And that's Billy as the Bean King. See below.
There's a bit of confusion between Twelfth Night and Twelfth Day, but they are separate though over time they're often used interchangeable. So the latter part of January 5th is Twelfth Night, and January 6th is the Twelfth Day. January is also the feast of the Epiphany, marked as the day when the three magi or kings finally found the child they'd been seeking by following the star.
So again we have a conflict between religious celebrations and civil ones, even pagan ones, but in this case there doesn't seem to have been much contest. Civil and pagan won!
Twelfth Night, the 5th, is the end of the twelve days of Christmas, or Christmastide, and thus the true beginning of the new year.
Traditions associated with Twelfth Night and Twelfth Day varied from place to place, but often involved the choosing of kings or queens for festivities, and agricultural rituals connected, often associated with fire and noise. As Susan wrote about Plough Monday, people were heading into the toughest part of the year when fresh food would be in short supply. At the same time, they would be grateful for the stores they had and hoping for as good or better in the next year's harvest.
Thus we have fires lit in the fields, and loud noises, including gunfire, in orchards. These were connected with driving out demons or anything that might harm the crop. The gunfire in the orchard was often framed as a salute to the best and oldest apple tree.
The Twelfth Night or Twelfth Day cake was baked with a bean in it. There's a recipe for one style of Twelfth Day cake here. Whoever got the piece with the bean became the king or queen for the celebration, and everyone had to do homage — and also obey. In the form of the Lord of Misrule, this character could command outlandish things! In courts from the middle ages up to the Restoration, the bean king or queen would take the monarch's place, and even wear their robes and jewels.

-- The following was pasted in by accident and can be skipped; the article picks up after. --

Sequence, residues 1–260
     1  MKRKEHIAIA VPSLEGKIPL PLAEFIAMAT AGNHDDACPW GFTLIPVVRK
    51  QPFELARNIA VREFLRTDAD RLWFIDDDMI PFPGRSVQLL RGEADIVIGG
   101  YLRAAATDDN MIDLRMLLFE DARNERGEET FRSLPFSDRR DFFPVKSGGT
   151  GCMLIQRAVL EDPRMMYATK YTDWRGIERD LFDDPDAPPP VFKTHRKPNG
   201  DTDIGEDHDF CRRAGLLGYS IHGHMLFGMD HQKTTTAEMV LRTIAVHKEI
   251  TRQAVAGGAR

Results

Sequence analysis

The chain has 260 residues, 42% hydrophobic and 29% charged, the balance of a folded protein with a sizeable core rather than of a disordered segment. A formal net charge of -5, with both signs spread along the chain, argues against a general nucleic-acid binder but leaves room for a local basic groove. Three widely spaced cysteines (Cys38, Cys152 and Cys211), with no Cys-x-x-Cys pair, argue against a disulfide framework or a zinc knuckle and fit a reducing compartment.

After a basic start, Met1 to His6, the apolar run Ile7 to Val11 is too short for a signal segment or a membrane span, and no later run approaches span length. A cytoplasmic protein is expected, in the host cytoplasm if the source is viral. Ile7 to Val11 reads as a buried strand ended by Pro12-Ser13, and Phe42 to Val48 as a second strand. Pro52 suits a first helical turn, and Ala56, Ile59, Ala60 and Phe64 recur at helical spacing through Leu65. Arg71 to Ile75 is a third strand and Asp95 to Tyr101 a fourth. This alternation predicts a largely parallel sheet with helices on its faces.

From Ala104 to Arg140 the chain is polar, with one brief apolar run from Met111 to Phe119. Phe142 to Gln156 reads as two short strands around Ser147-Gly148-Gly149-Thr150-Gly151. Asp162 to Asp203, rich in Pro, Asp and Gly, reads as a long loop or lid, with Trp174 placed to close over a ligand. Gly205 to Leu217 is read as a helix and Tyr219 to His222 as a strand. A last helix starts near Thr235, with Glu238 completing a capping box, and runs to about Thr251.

I have a Victorian recipe for a "Twelfth Cake" which is more like a fruit cake — with 4 lbs of currants, 18 eggs and a large quantity of brandy!
There was also a tradition of mumming and wassailing at this time. People would sometimes dress up as characters. Some were old traditions, like Saint George. But others would be taken from current politics. In the early 19th century Nelson was a popular one. The picture is a cartoon from 1850 based on this idea. It's from this site.
In Italian tradition, La Befana brings presents to children on the 6th. Is this still the tradition there? This article seems to say so. This picture is from that site.
So, how could we incorporate Twelfth Day celebrations into our modern lives? Susan suggested we could have a blessing of the computers in lieu of ploughs. As we enter winter, which still presents some hardship for many of us, what productive thing might we want to salute with noises so it will continue to produce in 2009? Our car, perhaps, so it will do well in winter. Shut up, you who live in balmy areas! Your air conditioning, perhaps? *G*
For the writers, perhaps just that mystical talent that creates something out of nothing. Ring bells, ring bells, to thank it and bless it for the coming year!
What evils might we want to scare away with fire? Alas, in tough times some of us might find these easy to come up with. If you can do it safely, what about writing some concerns on paper and burning them? I always find it satisfying to see the bits of black blow away up a chimney, but if you don't have a fireplace, try to bury them in the ground. If that's not possible, simply go with the modern flow — literally — and flush the paper or its charred remains down the toilet, carrying your worries with it. 🙂
If you were the Bean King or Queen for the day, what would you command in the world of books and reading? What would you salute so you'd have more of it in the coming year? And what demons would you try to drive out with fire as we head into the winter of 2009?